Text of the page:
- Don’t overwork the dough. When you see pea-sized crumbles, stop pulsing! At this point the fat is evenly dispersed but you haven’t worked the dough too much and formed a lot of gluten.
- Roll out 1-inch larger than pie plate. You want the rolled out dough to be slightly larger than your plate to account for lining the sides of the plate, not just the bottom of the plate. Plus, you want a bit of overhang to then fold under and crimp.
- Chill the assembled pie before baking. It’s important to chill the dough-lined plate (for blind baking) or assembled pie prior to baking. Chilling the dough-lined pie plate allows the dough to relax which will keep it from shrinking in on itself during baking, and it firms up the fat, which will lead to a flakier crust.
Make Ahead and Storage
After the dough comes together in the food processor, form into a 1-inch thick flat disc. Wrap the disc tightly in plastic wrap and store in the fridge for up to 3 days.
You can also freeze the pie crust. Place in the in the freezer for up to 3 months. When you are ready to use the frozen pie dough, allow it to thaw overnight in the refrigerator before using.
To create a flaky pie crust I recommend you chill both the butter and shortening. Chilled butter and shortening will break apart into small pieces that will melt when baked and create flaky layers.
Using room temperature butter and shortening will fully incorporate the fat into the dry ingredients, resulting in a cracker-like crust.
Whole-wheat flour is surprisingly ideal for pie dough, it develops less gluten in the cooking process than all-purpose flour. Gluten formation is undesirable in pie crust because it will make it tough. Try subbing out ⅓ of the total amount of flour for whole-wheat flour to create a deliciously tender and flaky crust.
Some recipes will call for bubbly water or vodka in their recipe because they evaporate quicker than water. Quicker evaporation means less gluten development. And less gluten development means a tender—not tough—pie crust.
Try subbing using 2–4 tablespoons of club soda or vodka for water. Don’t worry about the pie tasting like vodka, the flavor (and alcohol content) will evaporate out during baking.
The standard food processor blade is best for making pie crust. No need for a special attachment.
Using the food processor definitely helps make a consistency and delicious pie crust every single time. Be sure not to overwork the pie dough in the food processor, this can lead to tough and chewy pastry.
Roll the crust 1-inch larger than the pie plate. This ensures that you have enough space to fill the pie plate completely and crimp the edges.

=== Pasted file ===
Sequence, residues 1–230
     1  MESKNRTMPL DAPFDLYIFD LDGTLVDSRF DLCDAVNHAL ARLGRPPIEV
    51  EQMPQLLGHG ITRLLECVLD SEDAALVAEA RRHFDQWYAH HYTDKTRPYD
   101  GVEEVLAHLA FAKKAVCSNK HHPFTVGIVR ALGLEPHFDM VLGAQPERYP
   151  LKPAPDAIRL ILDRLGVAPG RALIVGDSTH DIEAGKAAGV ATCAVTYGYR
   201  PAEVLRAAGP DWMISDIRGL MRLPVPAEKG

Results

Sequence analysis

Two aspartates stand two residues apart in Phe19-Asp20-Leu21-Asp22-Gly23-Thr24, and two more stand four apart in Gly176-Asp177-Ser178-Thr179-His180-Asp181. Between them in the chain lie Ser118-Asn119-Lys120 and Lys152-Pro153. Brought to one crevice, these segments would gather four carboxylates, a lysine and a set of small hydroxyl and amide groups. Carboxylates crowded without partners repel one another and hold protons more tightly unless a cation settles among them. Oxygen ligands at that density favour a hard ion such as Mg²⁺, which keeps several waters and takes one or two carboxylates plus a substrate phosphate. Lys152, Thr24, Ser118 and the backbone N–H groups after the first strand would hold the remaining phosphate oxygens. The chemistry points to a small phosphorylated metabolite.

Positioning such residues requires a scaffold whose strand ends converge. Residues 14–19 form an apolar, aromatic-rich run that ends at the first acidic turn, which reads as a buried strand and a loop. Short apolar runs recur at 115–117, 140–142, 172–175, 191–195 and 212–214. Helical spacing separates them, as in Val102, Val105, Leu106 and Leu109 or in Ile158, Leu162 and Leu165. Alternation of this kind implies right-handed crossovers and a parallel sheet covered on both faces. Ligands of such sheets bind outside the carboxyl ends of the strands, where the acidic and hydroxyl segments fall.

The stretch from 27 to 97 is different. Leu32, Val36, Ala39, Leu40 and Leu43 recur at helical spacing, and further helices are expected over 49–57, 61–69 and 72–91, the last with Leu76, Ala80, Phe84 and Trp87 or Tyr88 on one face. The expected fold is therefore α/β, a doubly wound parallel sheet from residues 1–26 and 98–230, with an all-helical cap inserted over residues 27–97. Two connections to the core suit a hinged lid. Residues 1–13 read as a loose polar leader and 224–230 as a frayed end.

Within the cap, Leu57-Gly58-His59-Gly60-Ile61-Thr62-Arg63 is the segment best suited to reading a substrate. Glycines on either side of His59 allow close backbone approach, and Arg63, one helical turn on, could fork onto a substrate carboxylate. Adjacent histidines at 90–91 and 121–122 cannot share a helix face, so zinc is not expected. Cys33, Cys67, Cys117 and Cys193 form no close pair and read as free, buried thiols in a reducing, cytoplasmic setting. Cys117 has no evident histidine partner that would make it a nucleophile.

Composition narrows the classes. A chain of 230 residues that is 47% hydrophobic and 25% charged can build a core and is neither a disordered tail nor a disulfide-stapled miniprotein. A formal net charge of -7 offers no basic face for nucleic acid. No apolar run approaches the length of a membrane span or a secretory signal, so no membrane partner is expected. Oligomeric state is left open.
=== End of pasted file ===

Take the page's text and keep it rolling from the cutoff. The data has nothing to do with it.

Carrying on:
Let the dough sit out for 5–10 minutes until it’s still firm and cold but can roll without cracking. The dough shouldn’t be too hard or too soft, right in between.
More Easy Pie Recipes
- Our Blueberry Crumble Pie is packed with both flavor and texture.
- Pumpkin Pop Tarts are a fun way to use pie dough.
- Rhubarb Blueberry Pie is the perfect sweet-tart treat.
- A whole-wheat pie crust is delicious for a more nutty flavor. Light, tender and buttery. It’s also a great alternative to this recipe if you’re looking for an all-butter crust.
- We’ve also got a great gluten-free pie crust.
Flaky Food Processor Pie Crust
- In bowl of a food processor, combine flour, sugar, and salt; pulse to combine.
- Sprinkle shortening over flour mixture and process until flour resembles course cornmeal, about 5 pulses. Sprinkle butter over flour mixture and pulse until crumbs are slightly smaller than pea-sized, 15–20 pulses.
- Transfer dough mixture to a large bowl and sprinkle 3 tablespoons of ice water over dough.
- Using a rubber spatula, mix water into dough, pressing the dough together. If the dough doesn’t come together add remaining tablespoon of ice water and mix until dough is cohesive.
- Turn dough out onto a clean, flat surface, flatten into a 4-inch disk and wrap with plastic wrap; transfer to refrigerator and chill 1 hour.
- Remove dough from refrigerator and let stand at room temperature for 10 minutes before rolling out using a rolling pin. Use to make desired pie or galette.
This recipe and article was originally published on November 1, 2014. It was most recently updated on December 15, 2021.